Mild to moderate coronavirus cases under home isolation can infect only one-third of contacts in seven to 10 days of exposure and thus there is no need to set up special Covid care centers for such patients, according to a study conducted over six months in Delhi.
Maulana Azad Medical College, which conducted the research with the support from the World Health Organization and the Delhi government included 109 households from Central and Northeast districts in the study conducted between December 28, 2020, and June 28.
”The secondary attack rate (SAR) estimated was 13.86 percent and the secondary infection rate was 33.16 percent. The proportion of secondary cases being symptomatic and asymptomatic was 34.78 percent and 65.22 percent, respectively,” the report titled.
”A prospective study on the transmission dynamics of coronavirus disease-2019 (Covid) among household contacts in Delhi” read.
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The study led by Dr Pragya Sharma, Professor, Department of Community, MAMC, suggested that not all the individuals in contact with the primary case will get the disease. The transmission will depend upon the viral excretion in the primary case. Also, factors like sharing utensils can increase the risk of the infection. Thus, despite similar factors in the household contacts, only one-third contacts will get the infection in 7-10 days of exposure, it said.
”Therefore, there is no need to set up special COVID care centers for patients having mild to moderate disease and can be taken care of in their homes,” the study said.
The research also showed that hospitalisation rate in the patients suffering from mild or moderate disease was very low (1.1 percent) and that too with comorbidity. Obesity was the only factor seen to be associated with the worsening of the disease. ”Thus, the role of primary healthcare workers in regular monitoring of the patients in mild or moderate category with obesity and timely referral should remain priority. The hospitals should also keep a buffer of services for these 1.1 per cent patients on home care that might require hospitalisation in due course of disease; which could translate into huge numbers in the time of pandemic,” it said. The investigators said the finding of a secondary infection rate of 33 per cent also suggests laxity in following Covid-appropriate behaviour. Therefore, it is needed that the primary case and their contacts need to maintain COVID-19 appropriate behaviour at all times. The primary case under home isolation and their household contacts need to strictly adhere to the home isolation guidelines of not sharing a common room, toilet, utensils and following infection prevention protocols, they said.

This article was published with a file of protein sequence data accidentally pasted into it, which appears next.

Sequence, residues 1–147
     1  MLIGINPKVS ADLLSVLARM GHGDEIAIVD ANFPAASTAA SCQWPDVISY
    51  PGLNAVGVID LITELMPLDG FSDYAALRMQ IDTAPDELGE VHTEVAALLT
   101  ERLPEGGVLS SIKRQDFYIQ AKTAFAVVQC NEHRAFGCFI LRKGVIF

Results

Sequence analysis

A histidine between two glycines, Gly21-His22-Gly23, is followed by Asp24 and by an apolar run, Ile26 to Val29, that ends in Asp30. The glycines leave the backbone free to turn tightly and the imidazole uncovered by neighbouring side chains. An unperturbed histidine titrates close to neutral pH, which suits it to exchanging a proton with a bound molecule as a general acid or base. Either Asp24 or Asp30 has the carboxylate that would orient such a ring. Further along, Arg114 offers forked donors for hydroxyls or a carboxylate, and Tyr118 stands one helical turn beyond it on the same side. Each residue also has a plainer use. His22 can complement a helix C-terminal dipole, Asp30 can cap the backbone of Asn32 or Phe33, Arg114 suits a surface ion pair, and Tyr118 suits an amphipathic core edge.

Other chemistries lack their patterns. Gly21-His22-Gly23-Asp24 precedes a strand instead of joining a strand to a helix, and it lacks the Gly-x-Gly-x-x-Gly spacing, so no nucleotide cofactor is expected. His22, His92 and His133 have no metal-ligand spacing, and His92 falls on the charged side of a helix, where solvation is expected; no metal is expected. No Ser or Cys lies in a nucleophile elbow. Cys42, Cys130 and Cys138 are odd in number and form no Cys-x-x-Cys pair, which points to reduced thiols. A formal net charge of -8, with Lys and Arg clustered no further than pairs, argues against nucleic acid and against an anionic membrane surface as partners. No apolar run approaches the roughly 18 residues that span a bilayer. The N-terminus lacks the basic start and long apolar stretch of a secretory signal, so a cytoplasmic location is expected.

Dr Sharma said 89 per cent of the primary cases had developed antibodies by the 28th day of contact, whereas the rest remained seronegative. ”This implies that almost one out of 10 primary cases may never develop the antibodies and thus remain prone to second attack with the virus. However, the role of cell mediated Immunity (CMI) needs to be studied to understand the plausibility of reinfections in sero-negative individuals,” she said.
Thus, vaccination needs to be given in individuals despite their past history of natural infection, the report added.
”Since 65 per cent of the household contacts remained asymptomatic for around a month despite testing positive through the RT-PCR method. This means early testing, even if the contacts do not develop symptoms, is mandatory to prevent the spread of the virus,” Dr Sharma said.